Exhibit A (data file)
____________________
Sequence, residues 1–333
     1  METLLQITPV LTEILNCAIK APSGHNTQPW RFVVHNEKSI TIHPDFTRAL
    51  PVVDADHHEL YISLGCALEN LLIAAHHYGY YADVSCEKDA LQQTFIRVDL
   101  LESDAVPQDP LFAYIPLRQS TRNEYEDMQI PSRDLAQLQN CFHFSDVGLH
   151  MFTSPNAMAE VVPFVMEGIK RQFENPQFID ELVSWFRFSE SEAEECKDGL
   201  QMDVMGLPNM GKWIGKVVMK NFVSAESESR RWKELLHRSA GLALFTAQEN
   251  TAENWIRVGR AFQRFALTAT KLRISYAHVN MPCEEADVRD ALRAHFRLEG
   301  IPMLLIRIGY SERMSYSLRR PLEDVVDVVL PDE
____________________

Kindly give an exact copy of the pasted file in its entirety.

Sequence, residues 1–333
     1  METLLQITPV LTEILNCAIK APSGHNTQPW RFVVHNEKSI TIHPDFTRAL
    51  PVVDADHHEL YISLGCALEN LLIAAHHYGY YADVSCEKDA LQQTFIRVDL
   101  LESDAVPQDP LFAYIPLRQS TRNEYEDMQI PSRDLAQLQN CFHFSDVGLH
   151  MFTSPNAMAE VVPFVMEGIK RQFENPQFID ELVSWFRFSE SEAEECKDGL
   201  QMDVMGLPNM GKWIGKVVMK NFVSAESESR RWKELLHRSA GLALFTAQEN
   251  TAENWIRVGR AFQRFALTAT KLRISYAHVN MPCEEADVRD ALRAHFRLEG
   301  IPMLLIRIGY SERMSYSLRR PLEDVVDVVL PDE